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# RSA: how to factorize N given d

This page explains how to factorize the RSA modulus $N$ given the public and private exponents, $e$ and $d$.

## Introduction

For the RSA algorithm, we have a public key $(N, e)$ and a private key $(N, d)$ where $N = pq$ is the product of two distinct primes $p$ and $q$, and the numbers $e$ and $d$ satisfy the relation $ed \equiv 1 \mod \phi(N)$ where $\phi(N) = (p-1)(q-1)$. $N$ should be a large number which is impossible to factorize, typically of length 1024 bits. The numbers $N$ and $e$ can be made public, but $d$, $p$, $q$ and $\phi(N)$ are kept secret by the user of the private key. See our RSA Algorithm and RSA Theory pages for more information.

## The problem: given d and e, can we factorize N?

Surprisingly, there isn't a simple formula to compute the factors $p$ and $q$ of the modulus $N$ given just the public and private exponents, $e$ and $d$. But there is a nice efficient algorithm using a random $g$ which should succeed about half the time.

Initially we compute $k = de-1$. We then choose a random integer $g$ in the range $1 \lt g \lt N$. Now $k$ is an even number, where $k = 2^tr$ with $r$ odd and $t\geq1$, so we can compute $x = g^{k/2}, g^{k/4}, \ldots, g^{k/2^t} \pmod N$ until $x \gt 1$ and $y = \gcd(x-1, N) \gt 1$. If so, then one of our factors, say $p$, is equal to $y$, and the other is $q=N/y$ and we are done. If we don't find a solution, then we choose another random $g$.

Algorithm
Input: $N$, $e$, $d$.
Output: $p$ and $q$ where $pq = N$.
1. [Initialize] Set $k \leftarrow de - 1$.
2. [Try a random g] Choose $g$ at random from $\{2,\ldots,N-1\}$ and set $t \leftarrow k$.
3. [Next t] If $t$ is divisible by $2$, set $t \leftarrow t/2$ and $x \leftarrow g^t \mod N$. Otherwise go to step 2.
4. [Finished?] If $x \gt 1$ and $y = \gcd(x-1, N) \gt 1$ then set $p \leftarrow y$ and $q \leftarrow N/y$, output $(p,q)$ and terminate the algorithm. Otherwise go to step 3.

## A simple example

Input: $N=25777$, $e=3$, $d=16971$.

k=de-1=50912

Trying g=2
t=25456
x=g^t mod N=1
t=12728
x=g^t mod N=1
t=6364
x=g^t mod N=1
t=3182
x=g^t mod N=25776
y=gcd(x-1,N)=1
t=1591
x=g^t mod N=12709
y=gcd(x-1,N)=1

Trying g=5
t=25456
x=g^t mod N=1
t=12728
x=g^t mod N=1
t=6364
x=g^t mod N=1
t=3182
x=g^t mod N=15050
y=gcd(x-1,N)=149
p=149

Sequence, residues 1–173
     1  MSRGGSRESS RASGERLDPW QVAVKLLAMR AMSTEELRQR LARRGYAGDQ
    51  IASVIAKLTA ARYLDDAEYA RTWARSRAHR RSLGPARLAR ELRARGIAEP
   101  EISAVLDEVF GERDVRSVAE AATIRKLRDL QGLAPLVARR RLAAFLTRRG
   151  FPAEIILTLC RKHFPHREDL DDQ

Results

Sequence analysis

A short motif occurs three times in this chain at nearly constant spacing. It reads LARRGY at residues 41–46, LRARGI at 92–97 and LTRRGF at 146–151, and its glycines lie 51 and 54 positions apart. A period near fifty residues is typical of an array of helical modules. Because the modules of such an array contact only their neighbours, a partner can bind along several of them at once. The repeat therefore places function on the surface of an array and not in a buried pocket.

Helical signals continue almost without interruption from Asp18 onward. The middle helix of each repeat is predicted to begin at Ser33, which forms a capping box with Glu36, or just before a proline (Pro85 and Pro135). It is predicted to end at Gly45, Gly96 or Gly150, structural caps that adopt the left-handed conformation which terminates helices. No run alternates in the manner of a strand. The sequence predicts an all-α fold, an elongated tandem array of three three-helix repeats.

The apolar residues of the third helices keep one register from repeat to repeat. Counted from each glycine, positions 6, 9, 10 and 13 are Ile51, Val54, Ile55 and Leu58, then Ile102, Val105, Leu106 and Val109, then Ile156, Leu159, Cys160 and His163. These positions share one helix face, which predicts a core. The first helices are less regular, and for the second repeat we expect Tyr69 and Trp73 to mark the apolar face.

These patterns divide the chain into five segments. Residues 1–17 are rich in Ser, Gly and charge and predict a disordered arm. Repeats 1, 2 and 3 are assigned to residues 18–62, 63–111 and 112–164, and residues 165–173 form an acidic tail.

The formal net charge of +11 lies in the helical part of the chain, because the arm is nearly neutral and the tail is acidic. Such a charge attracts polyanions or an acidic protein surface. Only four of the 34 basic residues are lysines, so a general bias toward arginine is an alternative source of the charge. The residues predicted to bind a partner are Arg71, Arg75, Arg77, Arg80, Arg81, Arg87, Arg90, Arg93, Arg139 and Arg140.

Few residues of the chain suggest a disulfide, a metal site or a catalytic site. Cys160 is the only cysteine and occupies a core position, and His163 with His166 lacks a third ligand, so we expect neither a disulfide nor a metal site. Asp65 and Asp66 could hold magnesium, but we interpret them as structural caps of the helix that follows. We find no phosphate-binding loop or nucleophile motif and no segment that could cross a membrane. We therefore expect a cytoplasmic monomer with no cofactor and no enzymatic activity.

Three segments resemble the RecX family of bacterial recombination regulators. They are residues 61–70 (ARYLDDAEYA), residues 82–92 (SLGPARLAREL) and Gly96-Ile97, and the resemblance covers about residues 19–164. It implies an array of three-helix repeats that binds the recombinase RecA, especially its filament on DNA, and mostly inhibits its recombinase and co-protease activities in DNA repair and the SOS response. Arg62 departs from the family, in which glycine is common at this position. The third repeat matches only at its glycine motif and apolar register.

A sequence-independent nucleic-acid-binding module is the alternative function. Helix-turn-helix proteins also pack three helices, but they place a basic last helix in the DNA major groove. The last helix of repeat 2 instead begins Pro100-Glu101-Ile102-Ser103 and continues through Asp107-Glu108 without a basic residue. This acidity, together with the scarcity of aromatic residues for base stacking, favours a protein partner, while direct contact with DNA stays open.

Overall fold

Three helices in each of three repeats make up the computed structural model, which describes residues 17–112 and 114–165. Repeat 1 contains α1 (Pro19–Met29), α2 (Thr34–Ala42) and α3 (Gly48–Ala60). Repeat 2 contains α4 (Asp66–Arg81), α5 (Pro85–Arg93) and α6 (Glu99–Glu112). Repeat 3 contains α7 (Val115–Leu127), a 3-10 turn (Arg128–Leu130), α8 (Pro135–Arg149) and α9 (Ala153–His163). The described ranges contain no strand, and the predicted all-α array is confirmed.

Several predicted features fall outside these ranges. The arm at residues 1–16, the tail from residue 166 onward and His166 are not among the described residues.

q=N/p=25777/149=173

Output: p=173, q=149

Note that we swapped $p$ and $q$ here in accordance with the convention that $p \gt q$.

## Code to do this with large integers

We use our BigDigits multiple-precision arithmetic software to implement this algorithm for large integers. The code is here. Note that we cheat slightly by just choosing small primes $g=2,3,5,7,11,\ldots$ instead of random values for $g$. We should get a result within a few tries.

The output for the 508-bit example from [KALI93] should be as follows:

Input:
n=a66791dc6988168de7ab77419bb7fb0c001c62710270075142942e19a8d8c51d053b3e3782a1de
5dc5af4ebe99468170114a1dfe67cdc9a9af55d655620bbab
e=10001
d8bd50e94bfc723fa87d8862b75177691c11d757692df8881
k=de-1=3912086784511471289561151952301925086168946454709316095960618800742799369
17336572480276788289479037864022477149770074463282234977724373626952267297821665
0880
Trying g=2
k1=19560433922557356447805759761509625430844732273546580479803094003713996845866
82862401383941447395189320112385748850372316411174888621868134761336489108325440
x=g^{k1} mod N=1
k1=97802169612786782239028798807548127154223661367732902399015470018569984229334
1431200691970723697594660056192874425186158205587444310934067380668244554162720
x=g^{k1} mod N=1
k1=48901084806393391119514399403774063577111830683866451199507735009284992114667
0715600345985361848797330028096437212593079102793722155467033690334122277081360
x=g^{k1} mod N=1
k1=24450542403196695559757199701887031788555915341933225599753867504642496057333
5357800172992680924398665014048218606296539551396861077733516845167061138540680
x=g^{k1} mod N=15093433718268440426031307226229967304531280096624631832802133467
75503932569655700680786404281006639009247399377287658652217161876478659236009863
49707225
y=gcd(x-1,N)=2323495016218899338815592763008533131685106005533447038236880433183
4850828939
Output:
p=33d48445c859e52340de704bcdda065fbb4058d740bd1d67d29e9c146c11cf61
q=335e8408866b0fd38dc7002d3f972c67389a65d5d8306566d5c4f2a5aa52628b

which is indeed the correct factorization.

## References

• [BONE99] Boneh, D. Twenty Years of Attacks on the RSA Cryptosystem, Notices of the American Mathematical Society, 46(2):203-213, 1999, <link>
• [KALI93] Burton Kalinski. Some Examples of the PKCS Standards, RSA Laboratories, 1999, <link>.